Additionally, I don’t believe republican government can survive a culture of adulation or envy of the rich. Tamping that down would require some cultural changes, particularly among the rich. The rich are different from you and me. They have more money as Ernest Hemingway retorted. And, in my experience, they care more about having more money. As Paul of Tarsus wrote in 1Timothy, a love of money is the root of much evil (ῥίζα γὰρ πάντων τῶν κακῶν ἐστιν ἡ φιλαργυρία).

What is the cure? I think that we need a diverse, dynamic economy, control over immigration, and more open and honest government. All tall orders.

3 comments… add one
  • steve Link

    “I care about their power”

    Yup. Some inequality is beneficial. When it becomes too extreme it becomes negative. Much/most legislation is written to benefit the ultra wealthy and their interests. A very small number of very wealthy people can influence elections. Beyond their influence on government, they also control think tanks and media. They decide where to move our factories, call centers and research centers.


  • Guarneri Link

    “and more open and honest government. ”

    And since that will never happen, the next best option is smaller, less invasive government.

    “The ultra-rich don’t pay cash for their mansions, you know. They have mortgages just as middle class folks do. When you dig into the details rich people get most of the benefit from the home mortgage interest deduction.”

    The Zuckerberg example is propaganda. He was given a below market rate and the associated arbitrage for whatever reason.

    When I see the income and wealth splits published from time to time they say I am rich. Not ultra-rich, but rich. I can borrow at 4-ish pct for a mortgage, or 5% on a line of credit secured by securities held with my wealth manager. The latter is not tax deductible. The former is tax deductible but capped at $750K.
    A moderately conservative investment portfolio can generate 4%. So I can take out a mortgage for $750K and pay 2% after tax deduction for the money, or I can not take out a mortgage and lose 2% of investment income. (And here’s one for you: if you eliminate a mortgage dollar what is the return? Risk free, its 4%. Its sure. Think about that.)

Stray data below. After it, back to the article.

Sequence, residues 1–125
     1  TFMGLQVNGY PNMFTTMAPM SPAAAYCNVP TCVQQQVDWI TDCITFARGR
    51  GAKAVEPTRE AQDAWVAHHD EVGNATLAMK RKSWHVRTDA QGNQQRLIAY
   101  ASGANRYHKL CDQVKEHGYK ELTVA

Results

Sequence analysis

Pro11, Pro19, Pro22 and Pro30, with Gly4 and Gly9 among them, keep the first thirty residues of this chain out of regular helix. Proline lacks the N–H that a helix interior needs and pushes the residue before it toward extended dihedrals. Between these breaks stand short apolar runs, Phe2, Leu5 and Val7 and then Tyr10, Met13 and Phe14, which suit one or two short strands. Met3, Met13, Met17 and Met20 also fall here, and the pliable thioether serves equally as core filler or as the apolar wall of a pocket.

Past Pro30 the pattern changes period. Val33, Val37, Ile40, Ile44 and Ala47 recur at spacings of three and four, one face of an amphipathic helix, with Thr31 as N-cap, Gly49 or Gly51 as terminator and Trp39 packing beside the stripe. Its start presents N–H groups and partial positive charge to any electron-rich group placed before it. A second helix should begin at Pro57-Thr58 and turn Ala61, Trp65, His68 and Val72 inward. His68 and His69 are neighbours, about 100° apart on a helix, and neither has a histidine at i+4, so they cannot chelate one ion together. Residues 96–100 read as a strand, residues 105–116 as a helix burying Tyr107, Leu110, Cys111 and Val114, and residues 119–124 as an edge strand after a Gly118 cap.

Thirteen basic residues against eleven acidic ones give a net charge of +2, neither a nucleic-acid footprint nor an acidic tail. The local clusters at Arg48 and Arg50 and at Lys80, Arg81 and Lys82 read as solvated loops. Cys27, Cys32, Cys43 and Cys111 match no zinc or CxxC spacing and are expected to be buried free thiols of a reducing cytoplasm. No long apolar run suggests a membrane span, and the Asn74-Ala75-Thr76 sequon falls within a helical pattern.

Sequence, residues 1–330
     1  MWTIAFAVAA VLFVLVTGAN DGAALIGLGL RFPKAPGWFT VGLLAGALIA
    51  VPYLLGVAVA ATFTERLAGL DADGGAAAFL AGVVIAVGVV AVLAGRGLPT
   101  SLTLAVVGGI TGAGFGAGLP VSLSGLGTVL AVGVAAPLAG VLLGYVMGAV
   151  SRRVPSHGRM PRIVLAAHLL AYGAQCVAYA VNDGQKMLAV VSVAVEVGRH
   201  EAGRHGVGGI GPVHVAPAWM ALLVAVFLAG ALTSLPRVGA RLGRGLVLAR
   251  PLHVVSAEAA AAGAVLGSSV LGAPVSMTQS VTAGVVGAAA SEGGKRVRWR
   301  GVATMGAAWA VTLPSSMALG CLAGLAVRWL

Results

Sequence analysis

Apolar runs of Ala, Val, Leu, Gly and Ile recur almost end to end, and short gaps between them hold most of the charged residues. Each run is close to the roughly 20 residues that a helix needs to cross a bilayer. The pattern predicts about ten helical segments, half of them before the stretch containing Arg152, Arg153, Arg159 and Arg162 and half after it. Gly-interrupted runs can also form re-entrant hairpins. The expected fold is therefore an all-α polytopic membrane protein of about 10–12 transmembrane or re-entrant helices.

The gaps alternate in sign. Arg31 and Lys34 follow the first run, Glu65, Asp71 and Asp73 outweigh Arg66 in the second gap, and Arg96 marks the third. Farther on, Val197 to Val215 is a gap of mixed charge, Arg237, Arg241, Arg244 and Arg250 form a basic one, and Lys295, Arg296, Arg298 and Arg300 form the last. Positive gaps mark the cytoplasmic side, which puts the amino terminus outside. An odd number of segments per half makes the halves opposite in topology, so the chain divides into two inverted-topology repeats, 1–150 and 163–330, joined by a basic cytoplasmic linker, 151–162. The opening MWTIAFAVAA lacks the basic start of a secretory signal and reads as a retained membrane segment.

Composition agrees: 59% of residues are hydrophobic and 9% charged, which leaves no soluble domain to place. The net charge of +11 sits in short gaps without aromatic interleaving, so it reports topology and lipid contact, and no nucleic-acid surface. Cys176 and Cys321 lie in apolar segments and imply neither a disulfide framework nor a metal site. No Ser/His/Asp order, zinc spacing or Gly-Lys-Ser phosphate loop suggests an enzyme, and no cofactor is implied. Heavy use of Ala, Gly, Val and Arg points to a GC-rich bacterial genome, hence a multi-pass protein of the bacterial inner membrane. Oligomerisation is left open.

What to do is personal choice. But a large number of “rich” people pay cash for their homes. Almost all middle and upper middle class people use metered money, because a $500K – $2MM downstroke is beyond their capability. The very few ultra-wealthy may follow Zuckerberg’s lead because they get a non-market deal.

    “..they also control think tanks and media. They decide where to move our factories, call centers and research center.”

    Yes, those Democrats need to have their wings clipped…….

  • According to the Wall Street Journal many billionaires have mortgages.

    And according to the Tax Foundation:

    Despite the claims of various industry groups that the home mortgage interest deduction is an important factor promoting broad-based home ownership, IRS data show the bulk of mortgage interest deductions are claimed by a relatively small fraction of Americans with incomes well above average. As a result, it is likely that the deduction primarily encourages larger and more expensive homes among a relatively small share of taxpayers, rather than promoting broad-based home ownership among ordinary Americans.

    or, said another way, in addition to being a benefit for the rich the home mortgage interest deduction produces market distortion and malinvestment.

    Nearly all of the money spent by government is spent on just a handful of things: old age pensions, health care for the poor and elderly, the military, and interest on the debt account for about three-quarters of federal spending. In that remaining quarter are paying for the federal courts, USDA food inspections, the NIH, the FDA, and lots of other things that people think are essential functions of government. I think that corruption is a better target than cutting the fat.